Minister Burch has attempted to leverage the Abbott Government’s radical industrial relations agenda to justify her own approach. In May, The Canberra Times quoted the Minister claiming she has made “a fair and reasonable offer, particularly in the current environment, where you are looking at more federal public service job cuts and in some federal agencies fewer conditions and very little growth". This was a continuation of the tactics employed in October 2014, when the Directorate released the initial offer which included a pay deal and little else.

We have no intention of assessing the merits of our Enterprise Agreement against the appallingly low bar set by Abbott Government Minister, Eric Abetz. We will continue to work in solidarity with our colleagues in the Commonwealth Public Service to resist the Abbott Government agenda of cutting public services and attacking public servants. The fairly transparent attempt by an ACT Labor Education Minister to benefit from a right-wing attack on working people reflects very poorly on her indeed. 

We urge you to vote YES to all six measures.

By voting YES to all measures you will ensure that if we need to take industrial action, we are equipped to exert maximum pressure to quickly achieve an outcome. The range of proposed measures will enable us to stop work if necessary and to apply a range of bans that will help publicise what’s at stake in our dispute with the Government.

  1. An unlimited number of stoppages of work for periods up to two hours.
  2. An unlimited number of stoppages of work for periods up to half a day
  3. An unlimited number of stoppages of work for periods up to a full day
  4. An unlimited number of bans or limitations upon the:
    a. completion of fortnightly absence records
    b. implementation of the proposed new student report policy
    c. packing, stocktaking and moving of equipment and furniture
    d. cleaning and maintenance of facilities, furniture and equipment
    e. attendance at weekend events
    f. attendance at weekend professional learning that is school or system initiated
  5. An unlimited number of actions in the form of wearing or displaying in the workplace in any way insignia, slogans and/or any other material concerning the Union campaign about the Enterprise Agreement
  6. An unlimited number of actions in the form of providing information authorized by the AEUACT, through any method (verbal, written, electronically etc.) about any aspect of the Union campaign to members of the ACT community, including but not limited to, parents, carers, students and the media.


Q&A - Voting on Taking Protected Industrial Action

What is ‘protected industrial action’?

A range of conditions have to be met before workers can strike or take other industrial action. One condition is that it must occur in a bargaining period (after the existing Agreement has nominally expired). Another is that a ballot of affected employees must occur.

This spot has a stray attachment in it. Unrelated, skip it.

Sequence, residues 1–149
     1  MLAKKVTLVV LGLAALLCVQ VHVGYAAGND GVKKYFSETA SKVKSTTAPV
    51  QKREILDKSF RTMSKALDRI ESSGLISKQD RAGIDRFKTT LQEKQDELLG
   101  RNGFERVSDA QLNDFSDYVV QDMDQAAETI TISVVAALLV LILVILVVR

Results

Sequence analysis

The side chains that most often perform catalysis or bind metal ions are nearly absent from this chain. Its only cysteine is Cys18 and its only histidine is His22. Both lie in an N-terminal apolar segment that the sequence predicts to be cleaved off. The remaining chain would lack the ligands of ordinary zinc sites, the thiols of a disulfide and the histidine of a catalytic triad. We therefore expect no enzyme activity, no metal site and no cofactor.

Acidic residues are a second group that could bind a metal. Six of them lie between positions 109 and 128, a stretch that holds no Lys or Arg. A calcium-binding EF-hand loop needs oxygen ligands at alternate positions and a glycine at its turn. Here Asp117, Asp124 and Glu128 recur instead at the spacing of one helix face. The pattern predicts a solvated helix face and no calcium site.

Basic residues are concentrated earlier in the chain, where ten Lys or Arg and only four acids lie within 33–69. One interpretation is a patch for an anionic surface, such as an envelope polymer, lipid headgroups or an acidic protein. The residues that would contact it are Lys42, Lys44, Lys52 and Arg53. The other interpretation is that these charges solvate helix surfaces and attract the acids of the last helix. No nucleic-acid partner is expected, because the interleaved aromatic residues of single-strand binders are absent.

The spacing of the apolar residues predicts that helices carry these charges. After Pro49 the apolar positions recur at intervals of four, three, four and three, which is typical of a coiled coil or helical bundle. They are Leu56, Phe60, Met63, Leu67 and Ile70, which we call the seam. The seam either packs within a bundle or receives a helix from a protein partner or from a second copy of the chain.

Before we can take protected industrial action, we must conduct a successful ballot of members. For the ballot to be successful, a majority (50% +1) of members must vote and a majority (50% + 1) must vote in favour.

If these conditions are met, it means the industrial action is ‘protected’, ie. workers can strike without any fear of being fined or incurring any other penalty.

If I vote ‘Yes’, does that mean we will definitely take industrial action?

No.  A successful ‘Yes’ vote will mean we have the option of taking protected industrial action if and when we choose to. Whether we choose to will depend on any further developments in ongoing negotiations.

Who makes the final decision about whether we actually take industrial action?

The final decision is made by the union’s senior officers, in line with Council's decision in May.

How do I vote? 

The ballot is being conducted by the Australian Electoral Commission (AEC). The AEC will send you a ballot paper in the post and you just need to complete the ballot paper and return it to the AEC by the specified date. Note that you are required to vote on each and every form of industrial action. We urge you to vote YES to all proposed actions to give us maximum flexibility.

What if I don’t receive a ballot paper?

If you do not receive a ballot paper, it may be because your address is not up to date in our system. In this instance, please contact the AEC and request that a new ballot paper be sent to your current address. Please also let the AEU ACT office know your current address details (6272 7900, aeuact@aeuact.org.au).

In the unlikely event that the AEC advises you are not on the roll, please contact the AEU office as soon as possible.